They say you should invest in a good bed and a good pair of shoes, because if you’re not in one, you’re in the other. The only problem with that is several shoes favour fashion over function…
This is something Julius Marlow has addressed with its O2 Motion technology - an air pod in the heel that provides additional cushioning to traditionally uncomfortable dress shoes.
The Brand Collective approached Jumbla to showcase this new feature with a ‘deconstructed’ piece of animation and motion graphics.
“We met the guys at the Brand Collective and instantly clicked creatively,” said Jumbla Creative Director Oz Smith. “We decided to mirror the visual vernacular of sporty footwear but with Julius Marlow’s more traditional shoe style.”
To begin with, the viewer is presented with terminology you’d expect from a sports shoe, such as ‘cushioned’ and ‘flexible.’ The individual elements of the shoe that support this claim are then imaginatively manufactured in front of the audience’s eyes.
Once these are pieced together to form the base of the shoe, the music steps up a notch to set-up the big reveal - this is actually a traditional dress shoe, wrapped in premium leather with a sporty yet comfortable underbelly.
The viewer doesn’t have to rely on marketing spiel about revolutionary new technology; they can see the shoe’s actual composition for themselves. This wouldn’t have been possible with any medium other than animation and motion graphics.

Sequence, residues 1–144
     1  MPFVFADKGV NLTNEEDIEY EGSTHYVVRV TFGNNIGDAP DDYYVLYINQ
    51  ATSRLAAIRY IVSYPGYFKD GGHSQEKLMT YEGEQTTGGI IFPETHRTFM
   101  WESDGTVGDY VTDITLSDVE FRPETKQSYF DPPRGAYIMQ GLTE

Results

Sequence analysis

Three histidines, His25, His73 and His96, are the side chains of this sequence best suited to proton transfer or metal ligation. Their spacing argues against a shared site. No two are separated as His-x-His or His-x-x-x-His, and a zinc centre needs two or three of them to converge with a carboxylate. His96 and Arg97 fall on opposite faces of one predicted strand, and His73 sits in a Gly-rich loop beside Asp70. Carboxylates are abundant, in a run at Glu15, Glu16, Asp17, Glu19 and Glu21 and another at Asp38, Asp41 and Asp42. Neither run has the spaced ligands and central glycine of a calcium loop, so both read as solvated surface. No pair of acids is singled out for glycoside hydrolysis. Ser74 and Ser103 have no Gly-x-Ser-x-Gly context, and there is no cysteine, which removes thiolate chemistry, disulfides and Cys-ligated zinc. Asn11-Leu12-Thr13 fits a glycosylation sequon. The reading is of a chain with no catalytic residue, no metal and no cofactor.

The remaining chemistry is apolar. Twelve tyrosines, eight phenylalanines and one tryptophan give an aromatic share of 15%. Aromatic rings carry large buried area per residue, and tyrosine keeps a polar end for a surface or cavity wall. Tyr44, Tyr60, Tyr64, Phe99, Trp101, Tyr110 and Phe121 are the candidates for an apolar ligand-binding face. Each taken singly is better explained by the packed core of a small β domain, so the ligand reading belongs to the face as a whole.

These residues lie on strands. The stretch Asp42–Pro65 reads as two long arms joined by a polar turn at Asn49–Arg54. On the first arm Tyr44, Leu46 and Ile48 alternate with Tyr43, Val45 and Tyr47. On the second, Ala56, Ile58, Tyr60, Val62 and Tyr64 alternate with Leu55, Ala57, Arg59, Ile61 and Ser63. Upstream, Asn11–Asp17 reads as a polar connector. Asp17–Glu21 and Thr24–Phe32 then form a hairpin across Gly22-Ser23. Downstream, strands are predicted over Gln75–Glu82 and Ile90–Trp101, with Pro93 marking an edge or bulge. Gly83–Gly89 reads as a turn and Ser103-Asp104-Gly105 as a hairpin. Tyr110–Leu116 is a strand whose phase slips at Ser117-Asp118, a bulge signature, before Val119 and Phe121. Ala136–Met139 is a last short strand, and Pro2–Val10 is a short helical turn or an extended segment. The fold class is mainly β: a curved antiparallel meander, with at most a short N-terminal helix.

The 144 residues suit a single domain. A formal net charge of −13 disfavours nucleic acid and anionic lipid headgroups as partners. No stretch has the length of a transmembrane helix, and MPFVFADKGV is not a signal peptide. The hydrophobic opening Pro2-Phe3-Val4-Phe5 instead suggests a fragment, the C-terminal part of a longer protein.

As soon as it's over, you’re left to contemplate whether you want to slip on a pair of shoes that constantly pinch your feet, or enjoy the suppleness of Julius Marlow’s O2 Motion technology, which looks as comfy as it undoubtedly feels.
Not many people know how shoes are put together, but in order to execute this project, our team needed to understand and envision every little detail.
“We started by using photogrammetry to produce a rough model of the shoe and get its dimensions in 3D,” said Oz. “It was quite a large job for our in-house modeller Jess. She not only needed to model the shoe but also make each internal part, which would later be animated.
“Thankfully, we were given a lot of trust by the client, which really helped the process, especially the initial stages of R&D.”
Using our photogrammetry guide, the shoe was modelled and textured in 3DS Max. It was then animated in Cinema 4D using deformers, rendered with Octane, and composited in After Effects.
But for Oz, the real star of the show wasn’t this amalgamation of programs and techniques…
“The most impressive part was the modelling by Jess," he said. "She did an awesome job.”